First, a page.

Hotter'N Hell Hundred
Many area cyclists will be headed north to Wichita Falls on August 22-24 for the 33rd annual Hotter’N Hell Hundred cycling event.  Although the capstone event of this three-day festival is the 100 mile cycling tour, the 12,000 or more cyclists who participate in the event will also be able to take part in road races sanctioned by USA Cycling, race their mountain bikes on the WeeChiTah Trail, run a 10K or half marathon trail race, or test themselves in the Triple Threat competition by completing the mountain bike race, the 100 mile bike tour, and the half marathon trail run. San Angelo's Marlon Miller will one of the individuals taking on the Triple Threat challenge so let's cheer him on. Visit http://www.hh100.org for full information on the Hotter’N Hell Hundred.


Cyclocross University
Although the cyclocross season in Texas doesn't start until October, a group of area cyclists will start building their race fitness and honing cyclocross skills during the weekly 6:30 pm Wednesday evening cyclocross workouts that begin on August 6 in San Angelo's Middle Concho Park. These facilitated workouts, jokingly referred to as 'Cyclocross University', are open to anyone who wants to learn or improve their off-road cycling skills and learn about cyclocross events. All ability levels are welcome from beginners to experienced cyclists, and each participant will need a mountain or cyclocross bike, helmet, and either mountain bike shoes or flat pedals with running shoes.

If you are not familiar with cyclocross (CX), it is a form of off-road bicycle racing where riders complete multiple laps of a short 1-2 mile course for 30-60 minutes per race.  Each lap of a race will include one or more 'dismount-and run-with-your-bike' obstacles and the courses may include dirt, grass, pavement, sand, mud, and even snow/ice since the race season starts in the fall and goes through the winter. The local CX race series and the state-wide Texas Cup series will both start in October, and the 2015 National Championships will take place in Austin in January of 2015. For more information on the Wednesday evening cyclocross workouts visit San Angelo Cyclocross on Facebook or email bcullins@suddenlink.net.

Remember - the hot summer weather isn't slowing down area athletes.




Upcoming Events

Aug 2: Southland Shuffle, roadlizards.org
Aug 6: Cyclocross group workouts, 6:30 pm, Middle Concho Park
Aug 7: Road bike time trial, angelobike.org
Aug 10: San Angelo Olympic and sprint distance triathlon, permianbasinevents.com/our-events.html
Aug 13: Run to Remember, roadlizards.org
Aug 21: Mountain bike time trial, angelobike.org
Aug 22-24: Hotter'N Hell Hundred, hh100.org
Sept 13: Run to Remember, roadlizards.org
Sept 27: Mason Lions Club 5/10K Run,
masontxcoc.com

Friday, August 1, 2014

Cyclocross University




CYCLOCROSS UNIVERSITY 2014

Aug 6 - Sept 24

Want to improve your chances at winning one of these? If so, you need to earn your Mud and Cowbells certification by attending this free eight week series of workouts that combines cyclocross theory, demonstrations, and tires-on-the-dirt lab exercises. You will be a stronger and more skilled cyclist after completing these group workouts. 

  •  Presented by Team San Angelo in conjunction with the San Angelo Team Red White Blue community 
  • Wednesday evenings at 6:30 PM Aug 6 - Sept 24, next to the middle restroom in Middle Concho Park in San Angelo.  After entering the park's front gate, turn right and follow the paved road for about 1/2 mile.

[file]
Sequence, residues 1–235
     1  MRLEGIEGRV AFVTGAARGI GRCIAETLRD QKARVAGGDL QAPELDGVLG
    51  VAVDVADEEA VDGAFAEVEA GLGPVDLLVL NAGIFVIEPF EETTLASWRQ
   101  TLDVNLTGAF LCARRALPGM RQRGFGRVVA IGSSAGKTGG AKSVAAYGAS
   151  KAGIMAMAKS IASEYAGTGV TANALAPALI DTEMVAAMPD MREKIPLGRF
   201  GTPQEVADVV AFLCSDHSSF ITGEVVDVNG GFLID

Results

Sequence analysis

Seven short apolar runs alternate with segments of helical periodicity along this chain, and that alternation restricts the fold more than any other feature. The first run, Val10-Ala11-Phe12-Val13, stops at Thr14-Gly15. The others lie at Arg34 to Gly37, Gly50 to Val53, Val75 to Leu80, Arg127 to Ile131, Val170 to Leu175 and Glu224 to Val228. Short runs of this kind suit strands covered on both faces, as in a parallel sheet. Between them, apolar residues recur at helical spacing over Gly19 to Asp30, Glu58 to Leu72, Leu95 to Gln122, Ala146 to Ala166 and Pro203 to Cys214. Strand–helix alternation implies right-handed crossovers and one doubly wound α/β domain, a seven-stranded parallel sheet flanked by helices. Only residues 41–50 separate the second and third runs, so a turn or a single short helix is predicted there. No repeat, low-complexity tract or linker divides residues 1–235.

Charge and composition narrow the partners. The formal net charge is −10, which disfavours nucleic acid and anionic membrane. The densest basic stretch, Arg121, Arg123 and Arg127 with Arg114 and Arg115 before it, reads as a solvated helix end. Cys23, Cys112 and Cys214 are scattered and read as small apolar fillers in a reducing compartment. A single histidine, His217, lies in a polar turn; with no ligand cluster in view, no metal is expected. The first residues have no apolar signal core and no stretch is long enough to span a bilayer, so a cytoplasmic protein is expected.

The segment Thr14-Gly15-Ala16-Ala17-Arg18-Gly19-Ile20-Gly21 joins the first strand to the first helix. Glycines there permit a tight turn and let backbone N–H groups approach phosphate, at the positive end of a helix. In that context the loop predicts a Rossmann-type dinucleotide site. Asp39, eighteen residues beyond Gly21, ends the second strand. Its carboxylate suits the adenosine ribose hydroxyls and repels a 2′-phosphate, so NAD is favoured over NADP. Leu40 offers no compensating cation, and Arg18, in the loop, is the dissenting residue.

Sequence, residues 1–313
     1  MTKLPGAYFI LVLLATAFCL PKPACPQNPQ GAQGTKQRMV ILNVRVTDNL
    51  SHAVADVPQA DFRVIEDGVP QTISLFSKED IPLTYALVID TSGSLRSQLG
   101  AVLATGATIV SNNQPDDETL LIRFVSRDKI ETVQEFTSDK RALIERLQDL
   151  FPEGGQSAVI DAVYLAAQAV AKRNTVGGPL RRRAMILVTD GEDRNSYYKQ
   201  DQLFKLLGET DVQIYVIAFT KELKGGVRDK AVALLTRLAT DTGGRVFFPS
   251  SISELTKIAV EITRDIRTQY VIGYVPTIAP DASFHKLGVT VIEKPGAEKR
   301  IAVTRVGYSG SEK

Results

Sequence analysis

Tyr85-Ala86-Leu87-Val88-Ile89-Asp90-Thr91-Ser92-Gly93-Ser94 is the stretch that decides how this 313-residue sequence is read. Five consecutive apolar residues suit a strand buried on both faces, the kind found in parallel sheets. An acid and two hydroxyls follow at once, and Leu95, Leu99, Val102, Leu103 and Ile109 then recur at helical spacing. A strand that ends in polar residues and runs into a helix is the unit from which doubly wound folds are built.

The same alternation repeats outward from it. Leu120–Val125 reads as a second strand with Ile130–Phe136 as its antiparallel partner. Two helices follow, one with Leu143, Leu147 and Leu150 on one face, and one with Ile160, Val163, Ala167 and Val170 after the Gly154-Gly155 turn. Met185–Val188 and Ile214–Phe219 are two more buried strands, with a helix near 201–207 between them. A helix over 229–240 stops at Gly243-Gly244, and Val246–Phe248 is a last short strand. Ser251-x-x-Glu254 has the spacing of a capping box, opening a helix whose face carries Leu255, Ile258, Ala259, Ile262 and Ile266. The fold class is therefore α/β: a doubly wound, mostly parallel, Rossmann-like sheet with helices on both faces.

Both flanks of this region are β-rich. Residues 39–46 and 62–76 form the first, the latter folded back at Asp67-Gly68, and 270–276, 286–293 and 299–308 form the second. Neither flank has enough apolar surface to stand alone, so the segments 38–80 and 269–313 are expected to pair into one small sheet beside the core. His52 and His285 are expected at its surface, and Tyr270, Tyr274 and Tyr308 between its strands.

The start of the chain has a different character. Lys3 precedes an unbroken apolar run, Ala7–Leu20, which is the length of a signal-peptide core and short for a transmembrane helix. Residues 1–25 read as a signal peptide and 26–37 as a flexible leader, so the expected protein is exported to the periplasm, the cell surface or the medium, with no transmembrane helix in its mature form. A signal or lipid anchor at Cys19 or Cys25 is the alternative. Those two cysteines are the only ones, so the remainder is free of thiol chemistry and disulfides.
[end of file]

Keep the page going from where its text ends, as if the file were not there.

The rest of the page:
Course prerequisites:
  • Must have (and be able to ride) a cyclocross or mountain bike and have a bicycle helmet.
  • No known allergies to cowbells, fun, grass, mud, rain, sand, snow, or sweat.
  • A fondness for heckling and being heckled while maintaining a high heart rate.

Upon completion of the course, participants will be able to:
  • Gracefully dismount and remount a bicycle while moving at various speeds.
  • Carry an exhausted bicycle up hills using the top tube, suitcase, and shoulder techniques.
  • Leap over tall barriers in a single bound while carrying a bicycle.
  • Negotiate smooth fast turns through flat, off-camber, uphill, downhill, grassy, sandy, and muddy corners..
  • Bunny-hop over small logs, rain ruts, and large rattlesnakes.
  • Ride fast on grass, dirt, sand, mud, and snow-packed surfaces.
  • Understand the true meaning of 'hot laps'.
  • Properly wear a cycling casquette under a helmet.
  • Be prepared to race (not just ride) a cyclocross event.


Workout Schedule


August 6: Middle Concho Park, 6:30 pm:  CX overview, training plan discussion, dismount/remount practice, running with the bike, short group ride around typical course, sprints, uphill runs, cool-down and stretch.

August 13: Middle Concho Park, 6:30 pm: Warm-up, cornering practice, shoulder bumping, short group ride around typical course, sprints, dismount/remount over barriers, uphill runs, cool-down and stretch.

August 20: Middle Concho Park, 6:30 pm: Warm-up, descending, riding over obstacles, short group ride around typical course, sprints, dismount/remount over barriers, uphill runs, cool-down and stretch.

August 27: Middle Concho Park, 6:30 pm: Warm-up, bunny-hops, riding through sand, hot laps around typical course, sprints, dismount/remount over barriers, uphill runs, cool-down and stretch.

September 3: Middle Concho Park, 6:30 pm: Warm-up, uphill sprint starts, trail ride w/ CX technique practice (natural barriers), uphill runs, cool-down and stretch.

September 10: EQ channel parking lot, 6:30 pm: Warm-up, uphill sprint starts, trail ride w/ CX technique practice, uphill runs, cool-down and stretch.

September 17: Twin Buttes main boat ramp, 6:30 pm: Warm-up, uphill sprint starts, trail ride w/ CX technique practice, uphill runs, cool-down and stretch.